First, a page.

Trend Micro sees future in antivirus services

Trend Micro sees future in antivirus services

Trend Micro expects network antivirus services to grow to make up a quarter of its revenue in three years as the threat posed by network worms such as Sasser continues to grow, according to the company's chief executive officer (CEO).

The company recently began selling its first hardware device designed to keep networks functioning while minimizing the disruption caused by computer worms. Recently, it announced a deal with Cisco Systems that will see the same signature-based worm-blocking technology built into Cisco's products.

The system can be managed remotely by Trend Micro and such services are likely to become a key business area for the future, CEO of Trend Micro, Steve Chang, said in an interview.

"Our core competence and our bread and butter in the future is services," Chang said. "I think the income from services will become very important."

Income from network-related antivirus services accounts for about 8 per cent of Trend Micro's total revenue, but Chang said he expected this to grow to 25 per cent within the next three years.

Last year the company reported annual revenue of $US436 million.

Chang said he expected demand for network antivirus protection and services to grow as the threat from worms increases and computer networks continue to expand in complexity.

For the last 16 years viruses had largely spread through infected files but that was changing with the emergence of network viruses such as Nimda, Slammer, MSBlaster and Sasser, Chang said.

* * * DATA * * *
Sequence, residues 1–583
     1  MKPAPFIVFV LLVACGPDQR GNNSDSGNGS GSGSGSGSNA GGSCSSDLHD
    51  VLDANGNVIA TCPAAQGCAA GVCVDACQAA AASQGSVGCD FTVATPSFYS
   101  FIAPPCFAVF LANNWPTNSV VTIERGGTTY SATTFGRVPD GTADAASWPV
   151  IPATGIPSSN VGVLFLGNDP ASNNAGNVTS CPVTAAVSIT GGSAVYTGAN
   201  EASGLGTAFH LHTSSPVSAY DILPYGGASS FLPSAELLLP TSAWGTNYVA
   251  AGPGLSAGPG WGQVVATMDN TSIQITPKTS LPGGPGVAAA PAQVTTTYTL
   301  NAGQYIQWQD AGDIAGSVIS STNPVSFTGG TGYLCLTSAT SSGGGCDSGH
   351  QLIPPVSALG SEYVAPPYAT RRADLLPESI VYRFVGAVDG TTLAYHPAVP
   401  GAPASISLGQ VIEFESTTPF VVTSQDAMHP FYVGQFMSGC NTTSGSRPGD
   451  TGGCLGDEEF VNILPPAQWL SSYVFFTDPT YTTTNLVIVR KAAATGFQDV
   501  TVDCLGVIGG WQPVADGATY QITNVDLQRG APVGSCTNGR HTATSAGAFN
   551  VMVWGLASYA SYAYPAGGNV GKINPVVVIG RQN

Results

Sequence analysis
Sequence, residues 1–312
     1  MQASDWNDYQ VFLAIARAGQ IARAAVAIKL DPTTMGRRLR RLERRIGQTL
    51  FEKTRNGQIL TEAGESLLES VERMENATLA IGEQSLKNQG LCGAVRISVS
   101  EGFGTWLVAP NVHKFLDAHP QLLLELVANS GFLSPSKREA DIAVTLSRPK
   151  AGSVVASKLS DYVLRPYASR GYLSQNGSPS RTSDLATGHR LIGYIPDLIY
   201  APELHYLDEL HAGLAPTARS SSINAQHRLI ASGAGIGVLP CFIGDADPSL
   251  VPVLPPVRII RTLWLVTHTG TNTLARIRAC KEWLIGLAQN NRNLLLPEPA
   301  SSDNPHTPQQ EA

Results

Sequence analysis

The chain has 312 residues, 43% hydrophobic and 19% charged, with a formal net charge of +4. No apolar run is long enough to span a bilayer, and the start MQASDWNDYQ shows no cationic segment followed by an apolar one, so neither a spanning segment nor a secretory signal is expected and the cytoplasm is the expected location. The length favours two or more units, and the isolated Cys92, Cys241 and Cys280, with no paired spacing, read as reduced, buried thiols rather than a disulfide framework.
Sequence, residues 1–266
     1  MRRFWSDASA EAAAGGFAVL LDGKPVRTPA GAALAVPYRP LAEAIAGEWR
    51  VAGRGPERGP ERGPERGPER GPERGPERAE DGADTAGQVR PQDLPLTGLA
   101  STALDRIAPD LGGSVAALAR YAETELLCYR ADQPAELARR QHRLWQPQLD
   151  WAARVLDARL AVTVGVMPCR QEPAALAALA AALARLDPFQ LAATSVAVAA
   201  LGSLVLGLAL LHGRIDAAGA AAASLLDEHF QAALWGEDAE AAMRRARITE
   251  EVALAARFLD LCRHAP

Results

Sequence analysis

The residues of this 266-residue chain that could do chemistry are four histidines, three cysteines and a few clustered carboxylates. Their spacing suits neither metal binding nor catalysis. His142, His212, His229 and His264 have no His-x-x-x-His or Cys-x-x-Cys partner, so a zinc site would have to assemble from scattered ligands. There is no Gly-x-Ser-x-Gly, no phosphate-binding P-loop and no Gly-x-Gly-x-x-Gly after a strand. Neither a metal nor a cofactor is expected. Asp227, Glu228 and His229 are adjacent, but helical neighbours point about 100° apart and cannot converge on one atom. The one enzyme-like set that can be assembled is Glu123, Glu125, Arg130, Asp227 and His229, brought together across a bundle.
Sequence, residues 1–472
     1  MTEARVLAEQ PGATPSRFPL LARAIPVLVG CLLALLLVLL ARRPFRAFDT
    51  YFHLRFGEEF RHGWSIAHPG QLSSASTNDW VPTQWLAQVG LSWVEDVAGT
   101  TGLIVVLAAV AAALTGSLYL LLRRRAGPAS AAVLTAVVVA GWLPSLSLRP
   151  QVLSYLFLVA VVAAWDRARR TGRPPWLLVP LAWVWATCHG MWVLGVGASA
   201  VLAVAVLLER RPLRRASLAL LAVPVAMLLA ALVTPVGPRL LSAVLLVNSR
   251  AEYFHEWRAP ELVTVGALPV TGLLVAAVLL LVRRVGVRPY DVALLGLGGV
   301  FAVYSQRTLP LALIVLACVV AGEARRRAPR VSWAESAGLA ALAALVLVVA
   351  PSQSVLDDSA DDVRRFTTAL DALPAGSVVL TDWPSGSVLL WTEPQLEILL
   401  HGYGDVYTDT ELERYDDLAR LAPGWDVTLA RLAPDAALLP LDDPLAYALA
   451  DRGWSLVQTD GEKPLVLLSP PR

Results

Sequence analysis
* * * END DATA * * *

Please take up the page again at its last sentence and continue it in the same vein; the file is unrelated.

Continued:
"The biggest problem for IT managers for the last two years has been that no matter what kind of security product they bought, it doesn't work against these [types of viruses]," Chang said. "So Trend Micro spent about $US100 million to study this problem and finally, two months ago, announced our solution. It works at the network layer so that it can stop the virus and isolate it in the subnet."

The system works by attempting to contain any problems caused by a worm in a particular part of the network rather than let it spread throughout an entire system.

"When you get hit -- which is inevitable, they are coming in anyway -- the network will work," Chang said. "Once you contain the problem, even if you get hit your network continues to work."

Disruption and delay to network traffic is minimal with Trend Micro's system in place because it only begins to analyse packets when it detects an attack may be under way, he said.

At that time the traffic was being slowed anyway, and the network might be in danger of being overloaded, so any additional delays introduced to solve the problem were usually not a concern to network managers, Chang said.

Trend Micro's focus also extends to home users and in this area the company has been working with partners other than Cisco, Chang said.

Its technology was in a broadband home gateway product demonstrated by Zyxel Communications at the Cebit trade show in Germany in March and work with Taiwan's Hon Hai Precision Industry was presented at the recent Computex show in Taipei.

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